Instruction on the Solemnity of the Apostles Saints Peter and Paul

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Instruction on the Solemnity of the Apostles Saints Peter and Paul

Double of the First Class Feast Red Vestments

This feast, as a Double of the First Class supercedes the semi-double feast of the Third Sunday After Pentecost or the Sunday With the Octave of the Most Sacred Heart of Jesus The ApostlesSaint Peter and Saint Paul are the two Princes of the Apostles, the foundations of the Church, on which she is firmly established as on a rock. This Feast is almost entirely devoted to St. Peter, the Bishop of Rome, the great Apostle of the Gentiles being more specially honored on June 30. The lessons and prayers of this Mass describe how his Lord and Master Jesus Christ prepared the frevent Apostle, St. Peter, for the supreme office of the Papacy.
After the Descent of the Holy Ghost, St. Peter preached the Gospel in Judea and was cast into prison by the cruel Herod. He was miraculously delivered by an Angel and setablished his see first at Antioch, and then finally at Rome, where the first Pope exercised during twenty-five years the Supreme Authority vested in him by Christ Himself. Then he was arrested, and like St. Paul suffered martyrdom A.D. 65. This Feast marks the day of the translation of their relics.
One, Peter, could be considered the “Salt” as in the “salt of the earth”; the other, Paul, could be the “shaker” since he is the one who, after converting from the murdering Saul, really shook things up for the better and wasn’t afraid to “pepper” his flocks with the truth and rebuke them when they were wrong. These two saints are lovingly referred to as the “Salt and Pepper” of the Church.
Source: Marian Missal and St. Andrew Daily Missal and 1913 Catholic Encyclopedia
Readings for the Feast of Saints Peter and Paul
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Solemnity of Sts. Peter and Paul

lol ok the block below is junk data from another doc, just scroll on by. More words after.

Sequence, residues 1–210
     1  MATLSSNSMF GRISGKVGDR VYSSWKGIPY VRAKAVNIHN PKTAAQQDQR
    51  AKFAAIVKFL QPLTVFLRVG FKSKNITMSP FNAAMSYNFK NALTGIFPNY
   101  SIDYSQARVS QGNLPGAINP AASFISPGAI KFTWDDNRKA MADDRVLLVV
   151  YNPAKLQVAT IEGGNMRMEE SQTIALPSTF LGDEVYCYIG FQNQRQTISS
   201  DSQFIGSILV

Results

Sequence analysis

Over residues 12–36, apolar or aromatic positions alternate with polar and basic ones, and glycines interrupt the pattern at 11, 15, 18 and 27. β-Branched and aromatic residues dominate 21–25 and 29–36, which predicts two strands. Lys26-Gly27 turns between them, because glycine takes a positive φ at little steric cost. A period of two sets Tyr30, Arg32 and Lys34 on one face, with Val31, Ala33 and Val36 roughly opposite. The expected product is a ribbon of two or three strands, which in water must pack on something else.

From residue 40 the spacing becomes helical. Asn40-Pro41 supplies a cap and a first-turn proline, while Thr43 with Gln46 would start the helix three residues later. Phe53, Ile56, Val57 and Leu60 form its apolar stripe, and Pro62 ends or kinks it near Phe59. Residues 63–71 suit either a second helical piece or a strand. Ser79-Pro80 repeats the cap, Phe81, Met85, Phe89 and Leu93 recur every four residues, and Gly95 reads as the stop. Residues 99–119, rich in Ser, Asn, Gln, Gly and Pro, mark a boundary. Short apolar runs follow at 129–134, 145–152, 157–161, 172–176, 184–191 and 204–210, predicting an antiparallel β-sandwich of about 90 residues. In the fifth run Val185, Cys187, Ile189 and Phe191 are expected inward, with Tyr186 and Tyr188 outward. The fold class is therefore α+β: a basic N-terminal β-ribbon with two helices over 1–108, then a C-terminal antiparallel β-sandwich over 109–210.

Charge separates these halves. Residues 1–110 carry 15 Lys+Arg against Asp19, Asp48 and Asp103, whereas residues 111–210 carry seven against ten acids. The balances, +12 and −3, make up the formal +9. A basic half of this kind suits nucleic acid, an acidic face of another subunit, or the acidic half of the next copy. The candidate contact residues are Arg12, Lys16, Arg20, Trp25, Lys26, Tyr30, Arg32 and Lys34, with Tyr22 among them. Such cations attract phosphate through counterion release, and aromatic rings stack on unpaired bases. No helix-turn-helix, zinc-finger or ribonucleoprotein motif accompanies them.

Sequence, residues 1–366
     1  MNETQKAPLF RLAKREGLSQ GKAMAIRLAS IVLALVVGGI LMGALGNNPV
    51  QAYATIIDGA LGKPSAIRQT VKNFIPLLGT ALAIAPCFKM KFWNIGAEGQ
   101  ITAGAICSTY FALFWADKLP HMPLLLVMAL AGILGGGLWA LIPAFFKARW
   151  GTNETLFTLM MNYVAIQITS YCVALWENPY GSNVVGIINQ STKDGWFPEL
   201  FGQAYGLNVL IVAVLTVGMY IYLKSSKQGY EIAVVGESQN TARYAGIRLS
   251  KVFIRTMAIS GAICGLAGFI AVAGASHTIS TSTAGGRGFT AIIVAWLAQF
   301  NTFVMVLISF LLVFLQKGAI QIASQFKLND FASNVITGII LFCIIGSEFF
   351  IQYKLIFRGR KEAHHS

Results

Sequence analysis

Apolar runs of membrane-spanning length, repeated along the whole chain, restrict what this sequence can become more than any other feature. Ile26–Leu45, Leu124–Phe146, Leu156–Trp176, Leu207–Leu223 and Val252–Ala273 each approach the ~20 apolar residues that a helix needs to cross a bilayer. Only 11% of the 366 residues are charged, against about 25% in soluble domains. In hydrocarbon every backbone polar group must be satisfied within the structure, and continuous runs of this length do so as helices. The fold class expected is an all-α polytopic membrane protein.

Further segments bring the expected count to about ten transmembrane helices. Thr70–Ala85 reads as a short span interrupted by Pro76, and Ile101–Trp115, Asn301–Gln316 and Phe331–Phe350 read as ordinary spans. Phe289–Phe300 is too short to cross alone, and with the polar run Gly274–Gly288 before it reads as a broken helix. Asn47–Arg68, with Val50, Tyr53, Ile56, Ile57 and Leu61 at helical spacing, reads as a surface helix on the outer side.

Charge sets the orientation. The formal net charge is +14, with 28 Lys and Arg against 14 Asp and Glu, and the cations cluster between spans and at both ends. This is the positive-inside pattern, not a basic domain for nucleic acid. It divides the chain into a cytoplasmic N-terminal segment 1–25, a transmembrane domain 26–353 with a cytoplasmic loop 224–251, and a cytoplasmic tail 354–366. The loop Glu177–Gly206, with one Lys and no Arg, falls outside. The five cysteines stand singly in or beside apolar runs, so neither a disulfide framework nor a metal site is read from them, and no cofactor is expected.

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Solemnity of Sts. Peter and Paul

St. Peter, Prince of the Apostles
by Fr. Francis Xavier Weninger, 1877

Although the Catholic Church celebrates the festival of St. Peter and St. Paul today, yet, as the office and Mass of tomorrow are especially appointed for the commemoration of St. Paul, we will give today to St. Peter and tomorrow to St. Paul. Peter, the prince of the Apostles, the visible head of the Christian Church, the Vicar of Christ on earth, was born at Bethsaida, a small town in Galilee, on the Sea of Genesareth. Before he became a follower of Christ, he was called Simon, and his father Jonas or John. He married Perpetua, a daughter of Aristobulus, but left her afterwards for Christ’s sake. Andrew, his elder brother, was a disciple of John the Baptist. As soon as the latter had heard, from the lips of his holy teacher, that Jesus of Nazareth was the true Messiah, and had convinced himself of the fact by a conversation with Christ, he informed his brother Simon of it and went with him to the Saviour. Christ, looking at Simon, said: “Thou art Simon, the son of Jonas; thou shalt be called Cephas,” which means the same as Peter or a rock. After having had some discourses with Christ, Peter again went home, and announced to others the advent of the true Messiah.
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